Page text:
These Albanian songs are not unpleasing, barbarous as is their music. The first line of each verse is the same as the last line of the preceding verse. There is a peculiar sadness and subdued fierceness in the way they sing which is really very affecting. The song is always of war, of victories over the Karatag, feuds with the Turk, or the doings of the heroic Scanderbeg. The mandolin is peculiar to Albania. The guzla of Montenegro has but one string, and is played with a bow like a violin.

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At midnight we were awakened by the entry of two men. One was the brother of Nik Leka; the other a Bosnian Mussulman, by his dress. The Arnaut clapped me on the back. "Mir, Mir," he said, "Gussinje." Then he pointed to a letter. I understood what he meant. Ali Bey had given his permission, had written a letter to the fathers to that effect, and had sent this Bosnian soldier with it to Seltz. The soldier returned to Gussinje at once, while Nik Leka's brother also left us, to carry the epistle to the Franciscan mission. All seemed now to be going well, and very delighted we were. "We should see Gussinje after all.

It was early the next morning, when Father John suddenly made his appearance at the hut. He looked alarmed and anxious, and talked rapidly to our host. Something unpleasant had evidently occurred. We waited patiently till he vouchsafed to explain matters.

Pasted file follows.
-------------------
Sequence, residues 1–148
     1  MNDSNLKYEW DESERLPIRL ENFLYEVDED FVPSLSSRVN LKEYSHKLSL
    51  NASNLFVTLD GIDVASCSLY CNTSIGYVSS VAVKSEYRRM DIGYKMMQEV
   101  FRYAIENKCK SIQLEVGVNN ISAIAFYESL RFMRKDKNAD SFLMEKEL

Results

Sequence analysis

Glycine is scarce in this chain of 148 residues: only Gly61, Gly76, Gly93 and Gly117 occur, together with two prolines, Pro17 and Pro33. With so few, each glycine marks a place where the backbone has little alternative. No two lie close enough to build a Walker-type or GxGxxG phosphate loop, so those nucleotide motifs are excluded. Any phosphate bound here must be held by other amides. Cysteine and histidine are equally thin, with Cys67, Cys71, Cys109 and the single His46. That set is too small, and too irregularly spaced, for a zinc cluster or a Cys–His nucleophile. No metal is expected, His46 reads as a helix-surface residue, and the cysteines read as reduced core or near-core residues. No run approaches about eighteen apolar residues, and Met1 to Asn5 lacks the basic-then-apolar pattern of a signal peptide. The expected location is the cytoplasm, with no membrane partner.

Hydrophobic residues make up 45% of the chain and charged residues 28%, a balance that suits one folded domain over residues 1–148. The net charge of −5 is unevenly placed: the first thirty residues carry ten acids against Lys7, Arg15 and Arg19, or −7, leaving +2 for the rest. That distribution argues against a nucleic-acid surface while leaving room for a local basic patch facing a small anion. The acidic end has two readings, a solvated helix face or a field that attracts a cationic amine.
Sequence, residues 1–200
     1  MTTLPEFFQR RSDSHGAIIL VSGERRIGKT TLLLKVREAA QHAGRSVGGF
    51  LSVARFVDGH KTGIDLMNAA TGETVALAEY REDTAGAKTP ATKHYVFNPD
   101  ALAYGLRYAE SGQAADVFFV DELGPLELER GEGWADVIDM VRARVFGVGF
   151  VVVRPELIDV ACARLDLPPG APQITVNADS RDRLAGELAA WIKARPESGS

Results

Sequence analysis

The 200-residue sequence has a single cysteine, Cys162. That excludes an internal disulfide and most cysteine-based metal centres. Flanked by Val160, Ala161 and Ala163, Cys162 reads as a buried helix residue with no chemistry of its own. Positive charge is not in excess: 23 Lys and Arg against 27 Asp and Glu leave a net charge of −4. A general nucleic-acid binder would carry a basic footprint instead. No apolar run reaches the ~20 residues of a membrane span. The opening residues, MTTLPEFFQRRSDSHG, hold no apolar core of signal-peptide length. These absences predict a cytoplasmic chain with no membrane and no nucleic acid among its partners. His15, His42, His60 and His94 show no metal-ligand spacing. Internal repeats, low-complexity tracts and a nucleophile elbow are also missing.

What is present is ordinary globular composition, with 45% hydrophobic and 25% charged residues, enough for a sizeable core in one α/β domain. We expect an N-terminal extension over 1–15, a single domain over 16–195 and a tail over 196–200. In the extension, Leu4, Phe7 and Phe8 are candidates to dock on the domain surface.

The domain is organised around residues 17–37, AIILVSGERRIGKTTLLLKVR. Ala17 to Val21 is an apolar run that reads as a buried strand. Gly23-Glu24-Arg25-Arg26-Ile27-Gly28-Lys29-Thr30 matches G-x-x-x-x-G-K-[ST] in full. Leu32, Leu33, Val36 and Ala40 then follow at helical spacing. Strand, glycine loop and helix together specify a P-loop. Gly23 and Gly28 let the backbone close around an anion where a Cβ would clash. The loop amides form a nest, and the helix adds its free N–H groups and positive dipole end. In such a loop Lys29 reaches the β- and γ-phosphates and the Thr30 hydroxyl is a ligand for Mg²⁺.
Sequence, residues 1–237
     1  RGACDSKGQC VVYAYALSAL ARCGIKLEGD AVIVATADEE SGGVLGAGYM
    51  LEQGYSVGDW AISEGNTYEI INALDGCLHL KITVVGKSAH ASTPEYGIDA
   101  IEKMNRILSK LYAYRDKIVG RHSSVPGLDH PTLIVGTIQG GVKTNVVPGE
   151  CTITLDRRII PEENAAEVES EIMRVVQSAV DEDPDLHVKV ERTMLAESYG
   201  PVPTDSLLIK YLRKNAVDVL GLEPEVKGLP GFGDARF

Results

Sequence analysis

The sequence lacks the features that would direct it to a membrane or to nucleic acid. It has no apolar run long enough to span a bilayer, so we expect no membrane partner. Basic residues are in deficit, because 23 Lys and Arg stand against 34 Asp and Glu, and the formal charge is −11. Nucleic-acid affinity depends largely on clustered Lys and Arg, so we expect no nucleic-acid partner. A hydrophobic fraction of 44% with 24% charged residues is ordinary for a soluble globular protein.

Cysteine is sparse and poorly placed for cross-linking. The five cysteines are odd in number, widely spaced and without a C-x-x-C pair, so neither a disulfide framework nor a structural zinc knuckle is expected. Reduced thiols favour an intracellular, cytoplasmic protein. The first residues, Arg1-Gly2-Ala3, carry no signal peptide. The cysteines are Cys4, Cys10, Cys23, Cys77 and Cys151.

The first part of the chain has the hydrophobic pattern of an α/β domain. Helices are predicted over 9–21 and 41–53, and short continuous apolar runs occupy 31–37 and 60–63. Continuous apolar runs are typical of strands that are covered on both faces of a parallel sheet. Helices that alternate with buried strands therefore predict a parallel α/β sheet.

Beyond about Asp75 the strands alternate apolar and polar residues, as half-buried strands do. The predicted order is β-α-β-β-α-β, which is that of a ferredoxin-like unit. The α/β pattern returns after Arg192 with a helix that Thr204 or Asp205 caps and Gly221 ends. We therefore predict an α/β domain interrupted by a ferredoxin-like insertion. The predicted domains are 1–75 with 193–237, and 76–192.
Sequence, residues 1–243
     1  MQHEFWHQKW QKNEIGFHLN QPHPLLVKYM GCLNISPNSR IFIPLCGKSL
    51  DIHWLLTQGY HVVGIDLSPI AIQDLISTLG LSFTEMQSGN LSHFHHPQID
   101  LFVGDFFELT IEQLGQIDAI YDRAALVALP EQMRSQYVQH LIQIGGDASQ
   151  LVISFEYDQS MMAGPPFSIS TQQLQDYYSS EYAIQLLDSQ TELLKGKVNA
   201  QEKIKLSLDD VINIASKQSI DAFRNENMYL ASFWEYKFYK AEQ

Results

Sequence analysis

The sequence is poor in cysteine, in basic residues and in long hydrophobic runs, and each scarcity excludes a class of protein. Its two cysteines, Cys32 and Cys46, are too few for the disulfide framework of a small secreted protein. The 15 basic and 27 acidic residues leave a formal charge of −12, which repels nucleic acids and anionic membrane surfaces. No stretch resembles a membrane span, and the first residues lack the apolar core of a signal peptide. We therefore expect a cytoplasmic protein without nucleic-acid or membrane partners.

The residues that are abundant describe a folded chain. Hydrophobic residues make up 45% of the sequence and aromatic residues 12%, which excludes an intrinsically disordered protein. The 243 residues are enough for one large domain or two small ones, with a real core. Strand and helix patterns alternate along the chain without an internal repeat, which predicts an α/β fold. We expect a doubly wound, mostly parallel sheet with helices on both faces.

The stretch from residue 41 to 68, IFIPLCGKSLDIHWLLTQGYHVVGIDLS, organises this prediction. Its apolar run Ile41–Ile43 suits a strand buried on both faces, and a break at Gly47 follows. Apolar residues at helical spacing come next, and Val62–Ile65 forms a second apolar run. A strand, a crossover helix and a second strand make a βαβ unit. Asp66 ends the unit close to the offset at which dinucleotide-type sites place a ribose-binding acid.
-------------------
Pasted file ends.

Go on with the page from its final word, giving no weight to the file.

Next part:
"I have heard from Ali Bey," he said. "Here is his letter. I will translate it to you. He writes thus:—

"'To Father John, greeting.

"' We have read—we have understood. The chiefs have assembled. If these people will be hostages, will guarantee that Marco Milano withdraw the Karatags within three days, let them

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come to Gussinje; if nob, they had better not come' "« From Ali Pasha.'"

This was hardly what could be called a hearty welcome. Said John, "You understand what that means. If you can guarantee that the Montenegrins withdraw their troops—"

"We cannot do that."

"Of course not. Well, if you go they will wait three days, then cut off your heads. Now Nik Leka's brother has also brought this news from Gussinje. When they heard of your arrival, some of the men said, 'We have heard of these people. They have been to Podgoritza; they are friends of the Montenegrin chiefs. They must be spies. One is a red-bearded Russian (this was Jones). They are accursed giaour traitors.' Then thirty men decided to leave Gussinje last night, and surprise and murder you here in this hut. Ali Bey heard of it, and stopped them. But Nik Leka's brother says that you had better not stay here. The Gussinians are violently excited about you; they thirst for your blood. Come back to Seltz."

We were sitting down to breakfast when we heard all this cheering and appetizing information. My back was to the door, as was Jones's, when I heard a noise outside, and the next moment I saw the Franciscan drop the meat he was holding,